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Re: non-automated test failure report! :)
On Wed, Nov 16, 2011 at 08:34:08PM +0000, Michael van Elst wrote:
> >Not really, no. In most ordinary overload cases, it will grind to a
> >halt swapping long before it actually OOMs.
> I see OOMs a lot on Linux and hardly any of these follow
> heavy swapping. Mostly it is a heavily loaded system and
> something suddenly touching non-allocated memory
> it never should have been granted.
Blah... that I haven't seen actually, but I don't have or use any
heavily loaded Linux systems any more.
> >Like I said, it would perhaps be desirable to have a switch for
> >pessmistic swap allocation. But there's no real reason to turn it on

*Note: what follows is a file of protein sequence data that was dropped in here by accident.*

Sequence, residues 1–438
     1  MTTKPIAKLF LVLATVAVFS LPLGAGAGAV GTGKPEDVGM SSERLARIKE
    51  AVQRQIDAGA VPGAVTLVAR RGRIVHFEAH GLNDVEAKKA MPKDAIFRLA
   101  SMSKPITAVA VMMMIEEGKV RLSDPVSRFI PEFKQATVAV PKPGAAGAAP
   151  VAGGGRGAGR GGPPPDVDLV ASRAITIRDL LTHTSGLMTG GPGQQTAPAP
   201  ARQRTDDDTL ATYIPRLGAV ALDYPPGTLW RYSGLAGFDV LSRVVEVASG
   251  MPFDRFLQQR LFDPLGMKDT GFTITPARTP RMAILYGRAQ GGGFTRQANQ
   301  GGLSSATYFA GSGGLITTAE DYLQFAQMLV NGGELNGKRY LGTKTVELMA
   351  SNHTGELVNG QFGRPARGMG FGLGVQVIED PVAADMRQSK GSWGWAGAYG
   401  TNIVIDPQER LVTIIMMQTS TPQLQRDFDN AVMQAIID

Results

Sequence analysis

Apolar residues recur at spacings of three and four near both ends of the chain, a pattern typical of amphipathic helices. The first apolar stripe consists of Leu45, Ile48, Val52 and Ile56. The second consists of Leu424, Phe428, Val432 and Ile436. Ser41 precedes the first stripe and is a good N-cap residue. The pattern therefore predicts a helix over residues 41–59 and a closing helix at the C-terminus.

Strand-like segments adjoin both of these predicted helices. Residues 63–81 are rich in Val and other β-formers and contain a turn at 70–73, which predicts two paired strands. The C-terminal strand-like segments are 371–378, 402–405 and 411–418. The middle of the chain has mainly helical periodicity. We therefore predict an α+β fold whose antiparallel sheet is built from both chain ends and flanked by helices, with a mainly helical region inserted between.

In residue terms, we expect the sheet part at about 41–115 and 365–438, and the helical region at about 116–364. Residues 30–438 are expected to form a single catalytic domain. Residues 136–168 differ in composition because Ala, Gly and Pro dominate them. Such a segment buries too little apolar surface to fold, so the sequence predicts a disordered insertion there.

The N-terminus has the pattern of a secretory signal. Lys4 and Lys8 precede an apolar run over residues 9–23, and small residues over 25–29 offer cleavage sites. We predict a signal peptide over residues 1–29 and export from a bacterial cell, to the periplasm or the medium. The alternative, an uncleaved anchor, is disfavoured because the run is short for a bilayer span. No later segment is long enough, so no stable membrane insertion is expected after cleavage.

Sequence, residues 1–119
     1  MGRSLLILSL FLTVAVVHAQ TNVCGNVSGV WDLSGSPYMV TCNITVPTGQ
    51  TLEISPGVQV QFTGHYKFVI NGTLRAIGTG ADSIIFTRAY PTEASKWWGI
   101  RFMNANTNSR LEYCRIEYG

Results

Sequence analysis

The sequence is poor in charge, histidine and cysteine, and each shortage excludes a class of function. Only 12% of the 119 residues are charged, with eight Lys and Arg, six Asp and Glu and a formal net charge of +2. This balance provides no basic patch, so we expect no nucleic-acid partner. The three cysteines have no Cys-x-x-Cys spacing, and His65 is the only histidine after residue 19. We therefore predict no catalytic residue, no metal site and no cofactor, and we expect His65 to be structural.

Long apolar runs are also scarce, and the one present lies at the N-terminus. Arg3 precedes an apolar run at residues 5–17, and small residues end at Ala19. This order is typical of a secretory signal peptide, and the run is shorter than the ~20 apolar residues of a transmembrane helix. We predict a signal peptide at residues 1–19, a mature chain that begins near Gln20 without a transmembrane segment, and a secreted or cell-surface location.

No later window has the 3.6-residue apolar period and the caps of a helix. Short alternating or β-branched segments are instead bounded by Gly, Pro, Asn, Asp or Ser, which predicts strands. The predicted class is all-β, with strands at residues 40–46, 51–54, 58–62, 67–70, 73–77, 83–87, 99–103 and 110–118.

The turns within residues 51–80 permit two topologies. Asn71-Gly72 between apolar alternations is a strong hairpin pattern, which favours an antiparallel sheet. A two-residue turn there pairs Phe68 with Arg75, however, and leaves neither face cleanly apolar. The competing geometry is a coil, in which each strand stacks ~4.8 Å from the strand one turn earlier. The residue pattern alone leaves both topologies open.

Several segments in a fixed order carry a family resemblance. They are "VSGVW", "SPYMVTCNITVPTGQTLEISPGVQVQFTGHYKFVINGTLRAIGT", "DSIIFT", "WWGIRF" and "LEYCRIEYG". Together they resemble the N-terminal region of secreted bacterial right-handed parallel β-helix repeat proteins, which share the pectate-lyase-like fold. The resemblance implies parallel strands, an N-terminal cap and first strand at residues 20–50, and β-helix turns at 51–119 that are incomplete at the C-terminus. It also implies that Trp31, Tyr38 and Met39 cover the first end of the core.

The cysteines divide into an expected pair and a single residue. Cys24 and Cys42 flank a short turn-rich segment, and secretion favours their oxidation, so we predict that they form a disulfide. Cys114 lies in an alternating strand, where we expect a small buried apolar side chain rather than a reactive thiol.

> >in practice.
> Stability is a reason. But in Linux not even disabling
> overcommittment and having swap larger than RAM helps to
> eliminate the OOM killer.
That seems odd. With overcommit turned off it shouldn't ever OOM.
>> The "random" part is where you're going off the rails.
> It is still "random" to some degree, used to be worse.
Ours is not; if you have a runaway process it's just about always the
one that gets killed. Once in a while it kills the X server instead
though, because the X server is a large process that sometimes eats a
lot of memory. However, it almost invariably follows up on this by
killing syslogd, which is pretty poor.
(As best I can tell this is because it logs that it's going to do the
kill before or as it does it; this wakes up syslogd, syslogd goes into
the kernel to handle the message, tries to allocate kernel memory,
fails, and then becomes another victim.)
David A. Holland
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